So, as has already been argued there can never be an absolute certainty as one alluded to in Bentham’s first case. However there can be a legal certainty which could be decided by a judge or other official with relevant qualifications. The second case gets into even more uncomfortable territory by leaving open ended the question of how it is supposed to be determined that the “...danger of what may ensue from his not doing it (torturing) is a greater danger than even that of an innocent person’s suffering the greatest degree of pain (Steiner, Alston, Goodman, 2007).” How many innocent people is it justifiable to torture in order to avert a car-bombing, an assassination or even a nuclear attack? Is it still justifiable to torture, knowing that it may yield no results? Is it justifiable to torture even one innocent person? As you can see this ticking bomb scenario is nowhere nearly as clear cut as the a priori argument would seem. And are we going to grant the right to judges to decide who to torture? Alan Dershowitz talks about the concept of torture warrants. In his scheme, if there was an extreme case, law enforcement officials could go before a judge with pertinent evidence and if it was compelling enough the judge would grant a warrant to torture. Dershowitz argues similar to those that advocate legalizing drugs, that it is better to bring this frowned-upon but persistent practice into the legal fold to be better able to regulate it. Yet as far back as the 1600s we saw civilized society reject the notion of granting such awesome powers even to their own king. Bentham’s ideas are very interesting and indeed prescient to the arguments of today. But I am not of the mind to trust government to be able to make the kinds of decisions that Bentham was advocating. Jean Bethke Elshtain said that even when dealing with extreme cases we shouldn’t codify the use of torture in order to prevent its normalization. The codifying and normalizing of torture will no doubt lead to abuses of power, and will lead to the justification of torture by other nations whose motives we do not view as pure as our own (Martinez, 2006).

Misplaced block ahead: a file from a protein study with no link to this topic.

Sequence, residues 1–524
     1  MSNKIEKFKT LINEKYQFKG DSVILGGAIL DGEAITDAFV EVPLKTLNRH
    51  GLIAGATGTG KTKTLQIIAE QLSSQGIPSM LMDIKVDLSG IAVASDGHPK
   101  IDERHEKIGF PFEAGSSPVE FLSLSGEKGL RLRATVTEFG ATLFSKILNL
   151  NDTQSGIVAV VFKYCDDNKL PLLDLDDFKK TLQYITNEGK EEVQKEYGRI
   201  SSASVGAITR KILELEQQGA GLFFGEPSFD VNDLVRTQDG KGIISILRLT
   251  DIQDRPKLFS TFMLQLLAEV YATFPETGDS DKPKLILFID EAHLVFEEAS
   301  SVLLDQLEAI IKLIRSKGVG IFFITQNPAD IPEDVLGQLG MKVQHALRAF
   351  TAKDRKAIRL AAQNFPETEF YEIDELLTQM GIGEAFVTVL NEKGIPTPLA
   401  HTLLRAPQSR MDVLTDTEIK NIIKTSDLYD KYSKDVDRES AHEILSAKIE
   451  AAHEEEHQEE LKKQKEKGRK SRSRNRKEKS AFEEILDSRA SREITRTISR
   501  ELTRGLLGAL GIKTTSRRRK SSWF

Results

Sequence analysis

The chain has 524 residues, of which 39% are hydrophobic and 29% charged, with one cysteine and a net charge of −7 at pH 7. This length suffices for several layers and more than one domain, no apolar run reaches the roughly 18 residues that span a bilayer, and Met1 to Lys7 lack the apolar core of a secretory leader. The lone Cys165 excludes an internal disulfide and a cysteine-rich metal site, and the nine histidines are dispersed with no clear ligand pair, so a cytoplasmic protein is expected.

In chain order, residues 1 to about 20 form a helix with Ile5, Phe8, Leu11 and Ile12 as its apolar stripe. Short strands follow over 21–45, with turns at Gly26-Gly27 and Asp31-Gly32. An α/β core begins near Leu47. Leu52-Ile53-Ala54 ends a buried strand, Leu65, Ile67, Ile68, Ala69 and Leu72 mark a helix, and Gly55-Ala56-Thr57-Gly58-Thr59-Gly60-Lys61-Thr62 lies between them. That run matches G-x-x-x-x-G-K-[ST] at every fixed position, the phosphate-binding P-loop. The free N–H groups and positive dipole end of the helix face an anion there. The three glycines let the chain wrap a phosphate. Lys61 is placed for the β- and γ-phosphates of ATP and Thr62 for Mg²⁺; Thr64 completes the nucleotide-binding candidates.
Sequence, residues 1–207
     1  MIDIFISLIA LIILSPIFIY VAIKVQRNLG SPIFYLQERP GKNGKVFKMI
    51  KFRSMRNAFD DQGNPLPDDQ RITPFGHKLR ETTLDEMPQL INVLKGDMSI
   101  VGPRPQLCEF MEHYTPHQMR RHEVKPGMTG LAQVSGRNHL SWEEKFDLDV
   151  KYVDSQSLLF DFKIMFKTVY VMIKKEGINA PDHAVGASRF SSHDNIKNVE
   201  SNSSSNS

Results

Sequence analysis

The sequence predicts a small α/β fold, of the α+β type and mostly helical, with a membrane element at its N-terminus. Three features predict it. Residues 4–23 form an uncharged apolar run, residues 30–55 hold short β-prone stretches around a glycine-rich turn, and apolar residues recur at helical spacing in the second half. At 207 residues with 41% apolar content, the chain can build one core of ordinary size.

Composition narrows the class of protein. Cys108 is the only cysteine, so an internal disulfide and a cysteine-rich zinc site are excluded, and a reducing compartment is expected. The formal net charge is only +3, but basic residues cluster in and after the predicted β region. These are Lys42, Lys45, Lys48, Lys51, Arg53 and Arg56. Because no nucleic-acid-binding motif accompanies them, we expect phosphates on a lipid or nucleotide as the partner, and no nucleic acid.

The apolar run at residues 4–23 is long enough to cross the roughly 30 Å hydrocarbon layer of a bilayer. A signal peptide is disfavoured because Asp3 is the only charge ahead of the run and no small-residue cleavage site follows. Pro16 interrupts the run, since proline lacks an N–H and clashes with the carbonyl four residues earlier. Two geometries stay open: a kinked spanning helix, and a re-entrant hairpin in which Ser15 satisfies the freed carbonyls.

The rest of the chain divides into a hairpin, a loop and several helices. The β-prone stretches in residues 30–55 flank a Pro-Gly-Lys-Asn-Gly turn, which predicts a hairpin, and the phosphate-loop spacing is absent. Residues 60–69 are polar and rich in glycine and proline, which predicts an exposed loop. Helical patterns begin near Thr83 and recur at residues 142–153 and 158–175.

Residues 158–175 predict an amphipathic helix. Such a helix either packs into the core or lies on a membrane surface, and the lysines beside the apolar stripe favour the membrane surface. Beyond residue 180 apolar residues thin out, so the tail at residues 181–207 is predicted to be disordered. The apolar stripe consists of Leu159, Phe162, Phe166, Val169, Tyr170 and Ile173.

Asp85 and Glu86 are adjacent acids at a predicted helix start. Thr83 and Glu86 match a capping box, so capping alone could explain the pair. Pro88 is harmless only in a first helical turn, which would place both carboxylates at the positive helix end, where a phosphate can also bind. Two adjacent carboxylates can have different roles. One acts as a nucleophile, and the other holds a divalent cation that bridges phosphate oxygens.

Sanford Levinson argued that torture should have to be proven justified to a jury. This would move the responsibility away from a government official which is an attractive option. But in the extreme cases where torture may be thought necessary, how would there be enough time to properly assemble a jury and present it with sufficient evidence, as well as providing for a defense?

Enhanced Interrogation through Torture

According to the Convention against Torture, torture is strictly prohibited. However, parties are only required to “undertake to prevent cruel, inhuman or degrading treatment or punishment (United Nations, 1984)”. John Parry argues that this wording grants some leeway to those that would push the boundaries of acceptable forms of punishment. This gets to the argument that torture is not something strictly of a kind but of degrees. Some nations such as the U.K., Israel and the U.S. have attempted to justify actions that would otherwise be known as torture this way.

In the case of Ireland v. U.K. in front of the European Court of Human Rights, Ireland accused the U.K. of employing five tactics that they argued amounted to torture against suspected member of the I.R.A. The tactics were; stress positions, hooding, noise subjection, sleep deprivation and starvation (Steiner, Alston, Goodman, 2007). The court ultimately ruled that they amounted to cruel and inhuman treatment but weren’t so severe as to constitute torture. This is the loophole that Parry cited. The court also noted that it was not done with the intention of torture. And even though the court conceded that there was to be international supervision over derogations of right, it judged that “…national authorities are … in a better position than the international judge to decide … on the nature and scope of derogations necessary to avert (a national security threat) (Lillich et al, 2006)”. This decision was a harrowing precursor to future justification of ‘enhanced interrogation techniques’.